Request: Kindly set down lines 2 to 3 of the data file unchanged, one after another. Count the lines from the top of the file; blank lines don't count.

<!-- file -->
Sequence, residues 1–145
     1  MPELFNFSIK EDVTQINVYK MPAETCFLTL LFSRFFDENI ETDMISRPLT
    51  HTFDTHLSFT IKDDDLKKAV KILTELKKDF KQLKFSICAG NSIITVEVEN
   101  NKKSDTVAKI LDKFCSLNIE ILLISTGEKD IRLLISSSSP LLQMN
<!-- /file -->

     1  MPELFNFSIK EDVTQINVYK MPAETCFLTL LFSRFFDENI ETDMISRPLT
    51  HTFDTHLSFT IKDDDLKKAV KILTELKKDF KQLKFSICAG NSIITVEVEN